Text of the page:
Dad with Parkinsonism(8 Posts)
Hello. My dad, who is 71, was diagnosed with Parkinsonsism a couple of years ago. We don't have a great relationship and I see him quite rarely (long story) but I saw him yesterday and it's clear he's significantly deteriorated.
His walking is really slow and laboured, he struggles to talk, has quite bad tremors and has just had to give up driving. He's been on dopamine (I think) a while and is just about to up his dose.
I'm just trying to get my head round how he is and how I can deal with it.
He was basically absent from my life (his choice) for years and came back into my life about 7 years ago (I'm 43) after a bit of a crisis (his not mine) so I'm very wary of getting too involved in his life and care but I'm very sad about how he is.
Can anybody recommend any books/websites etc which give a good insight into Parkinsonsism (and how it's different to actual Parkinson's)? Or any other ideas that might help me get my head round all this?
I'm sorry, I can't help you with the bigger problem, other than to say that I feel for you as I have a similar sounding relationship with my own elderly DF, currently NC, but your post caught my attention & I just wanted to suggest something as I'm reading a lot about it at the moment & it's turned out to be relevant to family members with Parkinson's, plus a friends DM
Has his B12 levels been checked & do you know his blood serum result??
deficiency is common in the elderly & can masquerade as a host of medical conditions, Parkinson's included - this will come under neurological symptoms, which NICE guidelines say he should receive B12 loading & then maintenance injections for regardless of his blood results - this could improve his health a lot I'm adding a book cover, which will help understand it all.
Thanks Rockin, I'll follow that up.
My dad had Parkinson's Disease; Parkinsonism is another name for the same disease.
Parkinson's UK have lots of support and information.
Your dad's symptoms sound very similar to my dad's. The different symptoms manifest to different extents in different people. Dad had the tremor and huge difficulty in moving, walking etc and the "death mask" expression. He became resistant to his drugs (L-dopa) over time, and degenerated quickly. He needed full time nursing in the end. Ultimately he died of pneumonia because he was so weak.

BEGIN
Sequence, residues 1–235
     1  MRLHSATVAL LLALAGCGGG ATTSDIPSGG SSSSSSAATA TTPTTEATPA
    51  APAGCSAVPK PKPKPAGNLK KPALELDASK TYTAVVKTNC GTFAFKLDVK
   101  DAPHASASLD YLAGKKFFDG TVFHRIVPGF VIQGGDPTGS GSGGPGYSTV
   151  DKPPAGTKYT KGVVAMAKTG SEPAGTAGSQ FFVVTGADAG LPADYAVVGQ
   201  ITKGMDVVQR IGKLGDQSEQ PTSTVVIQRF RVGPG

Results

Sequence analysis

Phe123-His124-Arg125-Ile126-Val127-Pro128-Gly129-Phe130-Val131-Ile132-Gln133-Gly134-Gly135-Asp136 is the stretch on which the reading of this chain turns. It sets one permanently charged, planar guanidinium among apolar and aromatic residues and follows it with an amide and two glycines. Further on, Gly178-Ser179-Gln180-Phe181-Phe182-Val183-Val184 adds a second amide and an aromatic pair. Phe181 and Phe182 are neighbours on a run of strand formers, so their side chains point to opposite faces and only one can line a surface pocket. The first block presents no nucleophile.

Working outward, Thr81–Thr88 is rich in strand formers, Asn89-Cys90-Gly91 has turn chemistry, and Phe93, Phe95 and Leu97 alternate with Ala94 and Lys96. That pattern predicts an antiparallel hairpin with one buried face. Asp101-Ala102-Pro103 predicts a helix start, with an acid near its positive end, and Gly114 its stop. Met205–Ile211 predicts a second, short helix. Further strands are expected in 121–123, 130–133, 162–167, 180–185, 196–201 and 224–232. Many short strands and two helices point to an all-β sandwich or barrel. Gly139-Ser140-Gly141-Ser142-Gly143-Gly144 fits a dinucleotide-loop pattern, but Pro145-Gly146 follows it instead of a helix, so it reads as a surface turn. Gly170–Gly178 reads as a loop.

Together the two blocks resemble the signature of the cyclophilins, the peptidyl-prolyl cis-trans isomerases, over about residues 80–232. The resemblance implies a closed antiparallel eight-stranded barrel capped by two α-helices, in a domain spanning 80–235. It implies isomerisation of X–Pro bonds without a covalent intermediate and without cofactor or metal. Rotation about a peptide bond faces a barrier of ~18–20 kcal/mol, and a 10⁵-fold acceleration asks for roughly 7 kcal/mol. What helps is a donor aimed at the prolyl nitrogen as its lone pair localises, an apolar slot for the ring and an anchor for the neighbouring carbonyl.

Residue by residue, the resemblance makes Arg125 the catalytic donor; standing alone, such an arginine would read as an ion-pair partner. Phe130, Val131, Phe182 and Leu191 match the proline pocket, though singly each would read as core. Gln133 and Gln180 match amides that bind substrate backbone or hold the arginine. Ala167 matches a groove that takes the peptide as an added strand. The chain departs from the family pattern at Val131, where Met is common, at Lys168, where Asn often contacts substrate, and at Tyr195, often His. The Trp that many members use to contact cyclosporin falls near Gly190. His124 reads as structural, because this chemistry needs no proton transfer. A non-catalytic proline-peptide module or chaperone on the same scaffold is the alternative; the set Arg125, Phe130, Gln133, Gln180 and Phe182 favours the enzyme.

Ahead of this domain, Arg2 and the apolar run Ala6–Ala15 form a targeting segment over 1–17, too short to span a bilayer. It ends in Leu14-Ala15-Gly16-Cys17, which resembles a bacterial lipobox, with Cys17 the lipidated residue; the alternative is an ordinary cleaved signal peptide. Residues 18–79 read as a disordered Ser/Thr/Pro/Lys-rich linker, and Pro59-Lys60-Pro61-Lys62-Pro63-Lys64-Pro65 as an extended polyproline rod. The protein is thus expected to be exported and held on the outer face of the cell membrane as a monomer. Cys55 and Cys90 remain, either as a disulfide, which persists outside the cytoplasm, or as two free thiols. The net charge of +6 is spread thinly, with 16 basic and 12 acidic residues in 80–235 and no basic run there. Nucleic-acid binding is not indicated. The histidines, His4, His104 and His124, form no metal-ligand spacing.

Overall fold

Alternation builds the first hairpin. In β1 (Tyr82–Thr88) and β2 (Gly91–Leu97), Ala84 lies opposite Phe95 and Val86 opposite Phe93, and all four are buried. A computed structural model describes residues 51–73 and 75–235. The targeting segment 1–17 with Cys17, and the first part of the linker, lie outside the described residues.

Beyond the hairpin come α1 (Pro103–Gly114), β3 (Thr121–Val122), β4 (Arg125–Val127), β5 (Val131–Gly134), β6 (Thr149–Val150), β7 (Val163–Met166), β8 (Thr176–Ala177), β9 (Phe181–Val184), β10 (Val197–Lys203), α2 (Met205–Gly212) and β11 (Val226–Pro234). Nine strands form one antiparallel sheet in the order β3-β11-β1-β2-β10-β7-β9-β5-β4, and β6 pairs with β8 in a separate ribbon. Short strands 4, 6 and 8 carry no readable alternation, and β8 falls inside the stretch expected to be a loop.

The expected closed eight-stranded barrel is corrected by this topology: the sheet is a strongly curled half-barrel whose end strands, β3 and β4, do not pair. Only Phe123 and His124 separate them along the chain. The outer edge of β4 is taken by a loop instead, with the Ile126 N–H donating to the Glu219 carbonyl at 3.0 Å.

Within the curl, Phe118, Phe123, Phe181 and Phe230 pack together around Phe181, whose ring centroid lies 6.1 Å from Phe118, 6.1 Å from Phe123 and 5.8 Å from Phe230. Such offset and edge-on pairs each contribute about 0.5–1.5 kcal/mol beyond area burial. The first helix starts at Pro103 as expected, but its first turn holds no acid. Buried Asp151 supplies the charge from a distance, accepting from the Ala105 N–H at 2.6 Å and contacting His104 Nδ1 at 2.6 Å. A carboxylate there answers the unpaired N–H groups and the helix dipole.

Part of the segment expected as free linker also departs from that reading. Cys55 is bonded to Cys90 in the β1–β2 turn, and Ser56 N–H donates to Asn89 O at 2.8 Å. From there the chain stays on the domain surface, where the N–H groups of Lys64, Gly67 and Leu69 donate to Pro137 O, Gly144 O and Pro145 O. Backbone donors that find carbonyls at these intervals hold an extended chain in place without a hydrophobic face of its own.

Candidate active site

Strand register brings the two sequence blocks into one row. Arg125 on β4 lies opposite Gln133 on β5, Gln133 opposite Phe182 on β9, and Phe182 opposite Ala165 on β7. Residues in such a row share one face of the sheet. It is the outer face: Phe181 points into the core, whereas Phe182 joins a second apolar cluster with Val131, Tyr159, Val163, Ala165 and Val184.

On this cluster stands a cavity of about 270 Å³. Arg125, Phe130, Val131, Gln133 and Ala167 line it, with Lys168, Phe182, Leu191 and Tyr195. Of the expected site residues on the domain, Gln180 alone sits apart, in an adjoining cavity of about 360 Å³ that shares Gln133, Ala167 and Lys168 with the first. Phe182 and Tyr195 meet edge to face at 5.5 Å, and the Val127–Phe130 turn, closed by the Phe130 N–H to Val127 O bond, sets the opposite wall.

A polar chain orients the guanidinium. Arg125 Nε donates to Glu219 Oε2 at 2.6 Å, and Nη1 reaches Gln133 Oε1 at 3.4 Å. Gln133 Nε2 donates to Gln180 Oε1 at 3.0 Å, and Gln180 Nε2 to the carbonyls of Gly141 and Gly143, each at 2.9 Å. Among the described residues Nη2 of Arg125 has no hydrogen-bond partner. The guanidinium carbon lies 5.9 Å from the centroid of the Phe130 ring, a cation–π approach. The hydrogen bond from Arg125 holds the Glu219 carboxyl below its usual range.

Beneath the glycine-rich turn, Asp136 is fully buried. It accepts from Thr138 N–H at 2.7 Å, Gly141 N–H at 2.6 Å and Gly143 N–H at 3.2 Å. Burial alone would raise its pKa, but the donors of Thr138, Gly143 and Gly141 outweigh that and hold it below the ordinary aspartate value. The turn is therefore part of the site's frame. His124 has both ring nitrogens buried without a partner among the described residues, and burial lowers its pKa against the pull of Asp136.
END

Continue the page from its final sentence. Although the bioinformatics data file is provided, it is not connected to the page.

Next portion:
I know that treatments have changed a lot in the last couple of decades since dad died though, so the outlook may not be so bleak for your dad.
Does your dad live alone? Or with someone? Are his symptoms under control? I know that Parkinson's made my dad utterly miserable, and nursing home was physically exhausting for my mum (she is small and also had 4 teen/twenties DC to worry about though). Perhaps he would appreciate some emotional support.
I wanted to say the same as bikerunski, my DGP had parkinson's which deteriorated steeply after my DGM died. His symptoms were as BRS describes. It is a truly nasty illness. In the end he could not stay at home after he got cancer, had an operation and was very much weakened, I had to arrange for him to go into a care home.
Also, I do not want to discourage you but I am a state registered dietitian and in my experience B12 deficiencies are very rare, even in vegans.
Parkinson's UK sounds like a good place to start.
Does you r Dad have any other sources of support?
Also, I do not want to discourage you but I am a state registered dietitian and in my experience B12 deficiencies are very rare, even in vegans
sorry What but I have to disagree with that - sadly not so much rare, as rarely adequately diagnosed & treat. In Japan anything under 500 is a deficiency & is quickly treat,met hat is a much higher level than here in the UK. No surprise that Japan suffers far less with the conditions B12 deficiency causes/mimics. Even the BSH & NICE recognise that the NHS tests are flawed & recommend treating on symptoms where neurological symptoms exist
Thanks Hippy I will look into this, I take your point there is more than one way of looking at this and interpreting blood results.
Join the discussion
Registering is free, easy, and means you can join in the discussion, watch threads, get discounts, win prizes and lots more.Register now »
Already registered? Log in with: